An Invitation to the Impossible

An Invitation to the Impossible

Grace & Fairview United Methodist Churches

August 7, 2011


Matthew 14: 22-33 (NIV)

Immediately Jesus made the disciples get into the boat and go on ahead of him to the other side, while he dismissed the crowd. 23After he had dismissed them, he went up on a mountainside by himself to pray. When evening came, he was there alone, 24but the boat was already a considerable distance from land, buffeted by the waves because the wind was against it.

25During the fourth watch of the night Jesus went out to them, walking on the lake. 26When the disciples saw him walking on the lake, they were terrified. “It’s a ghost,” they said, and cried out in fear.


27But Jesus immediately said to them: “Take courage! It is I. Don’t be afraid.”

28“Lord, if it’s you,” Peter replied, “tell me to come to you on the water.”

29“Come,” he said.

Then Peter got down out of the boat, walked on the water and came toward Jesus. 30But when he saw the wind, he was afraid and, beginning to sink, cried out, “Lord, save me!”

31Immediately Jesus reached out his hand and caught him. “You of little faith,” he said, “why did you doubt?”

32And when they climbed into the boat, the wind died down. 33Then those who were in the boat worshiped him, saying, “Truly you are the Son of God.”


Any of us who have been around teenagers for any period of time know how difficult it is to keep them focused! In my days serving as a youth director, I couldn’t make it through at single Sunday School lesson or youth group program without have to say “Focus guys!” at least once; and usually more like five or six times. It’s just so easy to get distracted, for teenagers and for us. Teenagers tend to have trouble focusing because of friends or games or TV. For adults, the distractions are a bit more complicated. Nonetheless, staying focused on the right things is important for all of us, especially when it comes to matters of faith.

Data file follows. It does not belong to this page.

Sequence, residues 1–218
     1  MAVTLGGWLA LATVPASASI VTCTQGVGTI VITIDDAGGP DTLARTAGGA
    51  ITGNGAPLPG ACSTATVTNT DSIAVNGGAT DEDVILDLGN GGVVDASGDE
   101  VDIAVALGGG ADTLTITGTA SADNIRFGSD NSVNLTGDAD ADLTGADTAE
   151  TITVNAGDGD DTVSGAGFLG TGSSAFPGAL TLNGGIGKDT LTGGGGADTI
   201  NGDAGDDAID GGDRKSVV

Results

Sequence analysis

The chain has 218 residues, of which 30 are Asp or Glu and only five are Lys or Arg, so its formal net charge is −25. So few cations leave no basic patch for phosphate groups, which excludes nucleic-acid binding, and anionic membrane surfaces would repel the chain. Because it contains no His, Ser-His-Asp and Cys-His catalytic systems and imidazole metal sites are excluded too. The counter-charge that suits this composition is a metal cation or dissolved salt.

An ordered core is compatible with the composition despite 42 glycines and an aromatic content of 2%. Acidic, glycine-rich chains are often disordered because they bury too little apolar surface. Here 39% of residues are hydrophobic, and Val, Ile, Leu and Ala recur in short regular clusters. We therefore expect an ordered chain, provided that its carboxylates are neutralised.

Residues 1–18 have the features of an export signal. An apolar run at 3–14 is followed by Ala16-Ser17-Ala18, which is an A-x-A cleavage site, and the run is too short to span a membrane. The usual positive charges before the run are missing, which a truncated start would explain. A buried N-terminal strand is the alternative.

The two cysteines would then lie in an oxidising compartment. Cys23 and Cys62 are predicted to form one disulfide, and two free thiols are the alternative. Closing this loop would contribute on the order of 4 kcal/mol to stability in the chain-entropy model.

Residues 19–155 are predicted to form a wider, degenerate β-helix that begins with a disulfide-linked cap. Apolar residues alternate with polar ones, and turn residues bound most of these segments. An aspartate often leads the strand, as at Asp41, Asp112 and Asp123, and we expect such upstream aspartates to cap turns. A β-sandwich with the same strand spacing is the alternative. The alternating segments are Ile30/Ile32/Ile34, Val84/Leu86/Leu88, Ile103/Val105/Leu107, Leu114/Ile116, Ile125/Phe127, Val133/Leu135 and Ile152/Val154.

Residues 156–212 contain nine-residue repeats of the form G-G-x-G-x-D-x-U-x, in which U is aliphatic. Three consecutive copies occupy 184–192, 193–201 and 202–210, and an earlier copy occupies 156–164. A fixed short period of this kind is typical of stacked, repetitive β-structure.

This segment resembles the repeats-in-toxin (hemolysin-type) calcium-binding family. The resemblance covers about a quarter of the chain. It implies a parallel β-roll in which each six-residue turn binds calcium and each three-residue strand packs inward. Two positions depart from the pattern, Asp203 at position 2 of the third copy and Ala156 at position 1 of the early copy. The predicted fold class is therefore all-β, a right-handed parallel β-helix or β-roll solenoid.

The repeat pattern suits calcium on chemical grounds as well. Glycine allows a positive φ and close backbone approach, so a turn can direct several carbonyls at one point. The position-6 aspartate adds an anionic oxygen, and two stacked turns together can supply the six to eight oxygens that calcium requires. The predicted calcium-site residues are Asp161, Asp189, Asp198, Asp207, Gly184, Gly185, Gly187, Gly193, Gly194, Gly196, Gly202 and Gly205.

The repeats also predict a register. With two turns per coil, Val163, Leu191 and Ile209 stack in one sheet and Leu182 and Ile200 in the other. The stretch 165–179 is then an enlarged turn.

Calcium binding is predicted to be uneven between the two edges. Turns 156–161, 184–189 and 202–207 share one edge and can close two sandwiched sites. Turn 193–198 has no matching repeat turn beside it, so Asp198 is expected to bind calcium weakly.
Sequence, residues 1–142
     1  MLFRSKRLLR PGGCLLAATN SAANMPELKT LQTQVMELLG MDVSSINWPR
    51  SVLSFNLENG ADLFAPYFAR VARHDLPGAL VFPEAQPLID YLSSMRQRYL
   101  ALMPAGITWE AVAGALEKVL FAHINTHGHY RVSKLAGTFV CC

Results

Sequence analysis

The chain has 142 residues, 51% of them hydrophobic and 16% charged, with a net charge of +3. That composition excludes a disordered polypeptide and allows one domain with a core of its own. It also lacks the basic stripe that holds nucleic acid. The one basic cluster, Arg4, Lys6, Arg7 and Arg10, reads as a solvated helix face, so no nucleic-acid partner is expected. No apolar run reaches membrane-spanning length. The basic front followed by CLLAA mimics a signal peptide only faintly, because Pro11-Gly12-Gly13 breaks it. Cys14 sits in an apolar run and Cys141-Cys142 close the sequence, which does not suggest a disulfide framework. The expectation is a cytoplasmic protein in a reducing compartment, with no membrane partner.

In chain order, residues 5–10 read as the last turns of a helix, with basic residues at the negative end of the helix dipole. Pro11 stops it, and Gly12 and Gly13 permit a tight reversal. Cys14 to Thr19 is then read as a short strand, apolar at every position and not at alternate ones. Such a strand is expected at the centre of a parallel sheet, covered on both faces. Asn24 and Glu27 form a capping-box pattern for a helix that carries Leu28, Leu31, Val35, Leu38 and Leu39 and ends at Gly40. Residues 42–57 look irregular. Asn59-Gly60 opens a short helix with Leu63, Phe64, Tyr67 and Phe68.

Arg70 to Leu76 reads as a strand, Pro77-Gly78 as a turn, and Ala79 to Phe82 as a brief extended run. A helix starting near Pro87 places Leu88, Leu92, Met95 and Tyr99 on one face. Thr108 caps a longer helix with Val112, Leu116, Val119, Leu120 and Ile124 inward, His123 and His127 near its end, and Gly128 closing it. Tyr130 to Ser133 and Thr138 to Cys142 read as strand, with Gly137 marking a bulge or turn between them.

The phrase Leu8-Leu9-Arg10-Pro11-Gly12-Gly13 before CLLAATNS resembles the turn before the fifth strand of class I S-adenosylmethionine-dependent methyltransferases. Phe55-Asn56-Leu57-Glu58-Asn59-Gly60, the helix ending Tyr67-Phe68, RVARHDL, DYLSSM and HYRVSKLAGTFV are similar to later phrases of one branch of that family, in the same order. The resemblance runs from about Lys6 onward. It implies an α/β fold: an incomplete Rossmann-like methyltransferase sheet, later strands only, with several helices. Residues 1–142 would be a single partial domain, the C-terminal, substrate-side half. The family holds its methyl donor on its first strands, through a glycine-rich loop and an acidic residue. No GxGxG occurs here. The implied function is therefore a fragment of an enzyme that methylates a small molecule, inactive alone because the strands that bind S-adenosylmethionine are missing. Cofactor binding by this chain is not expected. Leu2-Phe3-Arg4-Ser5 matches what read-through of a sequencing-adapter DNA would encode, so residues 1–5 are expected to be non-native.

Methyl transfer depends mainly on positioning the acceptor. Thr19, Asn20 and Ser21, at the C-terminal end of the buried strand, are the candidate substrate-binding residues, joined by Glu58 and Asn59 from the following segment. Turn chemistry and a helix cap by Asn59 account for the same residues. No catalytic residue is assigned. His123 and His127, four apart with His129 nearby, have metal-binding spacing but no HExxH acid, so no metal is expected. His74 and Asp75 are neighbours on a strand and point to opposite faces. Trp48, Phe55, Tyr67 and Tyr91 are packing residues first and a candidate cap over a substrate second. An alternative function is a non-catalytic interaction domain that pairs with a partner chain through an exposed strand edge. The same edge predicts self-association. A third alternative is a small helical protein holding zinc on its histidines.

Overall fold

Last week, our lesson focused on the feeding of the 5,000, which happens just before the scene we heard recounted a few moments ago. The story of the feeding of the 5,000 is a lesson about discipleship and our call as Christians to make sacrifices for other and for God, not excuses. The story of Jesus walking on water is a lesson about faith, and about staying focused on Christ in faith, even when things are not going all that well.